Either way, the NKVD's failure to accurately predict Romanian intentions (hardly surprising, considering that the Foreign Intelligence Networks of that institution were not comparable to the GRU's) played into Zhukov's hands. For one he had the clout to further his quest to crush Beria once and for all and secondly this increased the standing of the GRU that had (at his insistence) not changed it's predictions to accommodate with that of the NKVD just because it was what they thought Stalin wanted to hear.

    It was an extremely dangerous gamble as Stalin was known to change his opinions on a whim but the Red Army knew (or rather hoped) that they would be vindicated on the battlefield before Stalin decided that they were overly pessimistic.

    STAVKA was happy in a way with what had happened as it strengthened the credentials of the military professionals in this key area and helped convince Stalin that lengthening the leash with which he held the forces in the field under his control might be a good idea if he wanted to achieve victory.

    In the long run this meant that Stalin trusted the NKVD less and less and the Army more and more, even in spite of the worsening situation at the front.


    ~**---**~



    On the Allied side of the front meanwhile Crerar and his Romanian colleagues were busy planning a massive counter-attack to relieve the pocket and drive the Soviets out of the country for good. It was a good thing that Crerar and General Alexandru Babuescu, commander of the Romanian 14th Corps got on 'like a house on fire' as one of Crerar's ex-american aides put it. The General had been assigned to Crerar's staff as a liaison first when the Canadians had entered the country first and now he was the Officer most familiar with Allied weapons and doctrine, thus the natural commander of the 14th Corps which was intended to be expanded into the 14th Army as Kingdom's primary field Army.

    In the months a close personal friendship had developed between the men and now they were sitting in a tent with a bottle of the best of the local booze. After all, planning could be done in comfort. Crerar looked at the map and decided that one thing was needed most of all: more Artillery.[1]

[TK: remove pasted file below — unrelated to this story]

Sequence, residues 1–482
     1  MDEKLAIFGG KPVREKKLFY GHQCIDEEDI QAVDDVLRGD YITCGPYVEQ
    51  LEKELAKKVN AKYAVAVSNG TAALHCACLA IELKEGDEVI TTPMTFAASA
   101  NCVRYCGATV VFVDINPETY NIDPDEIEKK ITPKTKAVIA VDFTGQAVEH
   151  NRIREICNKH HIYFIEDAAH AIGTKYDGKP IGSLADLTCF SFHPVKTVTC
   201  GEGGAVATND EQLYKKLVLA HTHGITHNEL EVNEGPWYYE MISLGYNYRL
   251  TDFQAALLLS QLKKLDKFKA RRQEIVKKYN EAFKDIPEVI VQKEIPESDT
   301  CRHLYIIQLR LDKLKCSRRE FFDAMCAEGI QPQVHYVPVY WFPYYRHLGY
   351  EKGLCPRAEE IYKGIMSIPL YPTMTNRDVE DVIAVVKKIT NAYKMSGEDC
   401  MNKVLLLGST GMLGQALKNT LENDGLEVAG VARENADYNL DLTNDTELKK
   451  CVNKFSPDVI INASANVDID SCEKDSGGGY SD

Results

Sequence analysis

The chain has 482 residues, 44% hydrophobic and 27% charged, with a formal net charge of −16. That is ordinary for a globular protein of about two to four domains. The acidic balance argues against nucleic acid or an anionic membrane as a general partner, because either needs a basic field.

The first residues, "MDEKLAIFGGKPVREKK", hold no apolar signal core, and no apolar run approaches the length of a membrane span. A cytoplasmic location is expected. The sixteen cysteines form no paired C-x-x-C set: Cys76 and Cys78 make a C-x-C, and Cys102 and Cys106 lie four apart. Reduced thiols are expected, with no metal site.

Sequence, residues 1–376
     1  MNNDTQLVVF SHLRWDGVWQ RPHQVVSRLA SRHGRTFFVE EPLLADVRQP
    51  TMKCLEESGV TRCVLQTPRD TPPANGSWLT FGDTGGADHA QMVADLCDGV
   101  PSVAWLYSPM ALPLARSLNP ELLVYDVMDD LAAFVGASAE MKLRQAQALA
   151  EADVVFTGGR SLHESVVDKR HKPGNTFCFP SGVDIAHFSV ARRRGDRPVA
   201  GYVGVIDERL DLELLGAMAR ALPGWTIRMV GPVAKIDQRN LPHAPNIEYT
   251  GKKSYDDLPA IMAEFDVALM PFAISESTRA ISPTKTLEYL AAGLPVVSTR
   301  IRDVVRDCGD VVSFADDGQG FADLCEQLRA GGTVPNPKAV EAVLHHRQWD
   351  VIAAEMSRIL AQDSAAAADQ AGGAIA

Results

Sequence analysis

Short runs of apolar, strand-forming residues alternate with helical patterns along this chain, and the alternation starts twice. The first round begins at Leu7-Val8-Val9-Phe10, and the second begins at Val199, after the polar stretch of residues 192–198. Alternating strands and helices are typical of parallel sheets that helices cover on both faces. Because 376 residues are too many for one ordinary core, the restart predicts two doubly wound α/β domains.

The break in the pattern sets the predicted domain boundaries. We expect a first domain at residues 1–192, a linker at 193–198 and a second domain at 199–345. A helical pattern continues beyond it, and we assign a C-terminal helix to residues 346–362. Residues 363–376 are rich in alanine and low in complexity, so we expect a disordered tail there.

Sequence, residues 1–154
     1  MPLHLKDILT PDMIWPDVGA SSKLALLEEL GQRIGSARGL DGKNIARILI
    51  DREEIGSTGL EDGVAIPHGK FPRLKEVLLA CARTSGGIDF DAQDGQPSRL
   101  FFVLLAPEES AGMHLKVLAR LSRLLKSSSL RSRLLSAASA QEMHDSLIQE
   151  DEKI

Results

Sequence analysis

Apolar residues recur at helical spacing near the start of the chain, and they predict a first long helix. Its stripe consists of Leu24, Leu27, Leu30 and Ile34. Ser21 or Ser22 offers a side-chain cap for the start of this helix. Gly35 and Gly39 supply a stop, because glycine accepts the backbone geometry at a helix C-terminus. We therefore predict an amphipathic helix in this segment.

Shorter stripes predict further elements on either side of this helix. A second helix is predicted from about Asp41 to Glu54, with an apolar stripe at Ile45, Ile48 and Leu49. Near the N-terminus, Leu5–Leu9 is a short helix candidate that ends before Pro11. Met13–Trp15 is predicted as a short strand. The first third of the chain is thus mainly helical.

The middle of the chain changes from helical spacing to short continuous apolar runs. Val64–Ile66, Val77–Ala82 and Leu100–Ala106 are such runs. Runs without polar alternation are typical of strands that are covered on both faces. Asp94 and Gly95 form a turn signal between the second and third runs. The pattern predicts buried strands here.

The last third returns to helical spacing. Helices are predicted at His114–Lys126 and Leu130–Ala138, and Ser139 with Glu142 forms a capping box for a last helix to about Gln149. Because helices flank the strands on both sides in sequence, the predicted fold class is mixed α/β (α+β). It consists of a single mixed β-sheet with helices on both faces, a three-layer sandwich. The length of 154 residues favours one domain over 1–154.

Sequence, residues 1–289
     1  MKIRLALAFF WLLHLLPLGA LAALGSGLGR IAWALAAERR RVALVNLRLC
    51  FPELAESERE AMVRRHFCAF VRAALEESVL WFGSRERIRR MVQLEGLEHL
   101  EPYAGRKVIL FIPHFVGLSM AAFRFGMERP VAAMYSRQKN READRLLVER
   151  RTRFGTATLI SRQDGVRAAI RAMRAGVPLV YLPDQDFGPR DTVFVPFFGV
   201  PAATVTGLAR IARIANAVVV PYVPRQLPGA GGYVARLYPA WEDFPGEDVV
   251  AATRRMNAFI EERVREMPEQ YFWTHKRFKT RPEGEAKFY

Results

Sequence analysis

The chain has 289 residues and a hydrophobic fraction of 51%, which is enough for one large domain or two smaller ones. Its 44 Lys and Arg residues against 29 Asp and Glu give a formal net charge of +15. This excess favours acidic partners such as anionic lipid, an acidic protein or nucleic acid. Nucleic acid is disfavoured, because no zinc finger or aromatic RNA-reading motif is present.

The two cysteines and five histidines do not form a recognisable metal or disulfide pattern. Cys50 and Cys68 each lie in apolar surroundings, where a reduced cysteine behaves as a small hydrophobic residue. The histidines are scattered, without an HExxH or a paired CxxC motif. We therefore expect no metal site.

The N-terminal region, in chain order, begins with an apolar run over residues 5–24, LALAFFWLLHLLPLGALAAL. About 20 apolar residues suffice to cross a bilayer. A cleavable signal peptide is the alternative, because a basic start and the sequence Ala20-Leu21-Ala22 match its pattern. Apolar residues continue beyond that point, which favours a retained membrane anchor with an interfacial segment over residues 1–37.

“The next best thing will be more of those SRLS lorries.” Babuescu said in accented but good English.”

    Crerar looked up. The discussion was an old one. So far the Romanian Army was frightfully short on heavy Artillery and while their foundries were working around the clock there were few.

    “That Bulgarian Brigade has been bringing a disproportional amount of guns, Alexandru.”

    The Romanian only smiled and then commented that this was a result of a telegram sent to an old friend of his at the Bulgarian War Ministry. “They are even shorter on guns than we are but their army is so small that they decided to send small forces with a lot of equipment rather than large ones with next to nothing.”

    This was something big, a country admitting that their armed forces were not up to the task at hand.

    “Has the General said anything?”

    He was referring to Crerar's request to Freyberg for more guns and more rocket artillery.


    The Canadian shook his head. “He needs them for his own attack east. To quote him, I was getting operational freedom and taking his guns as well. Kiwi humour I suppose.”

    Crerar smiled thinly. He knew that Freyberg giving him what was in essence a free hand to conduct his half of the coming campaign as he pleased as long as he stayed within the grand strategy laid out by CinC Europe and Freyberg as GOC South-East and of course told those higher up on the ladder what he was on about.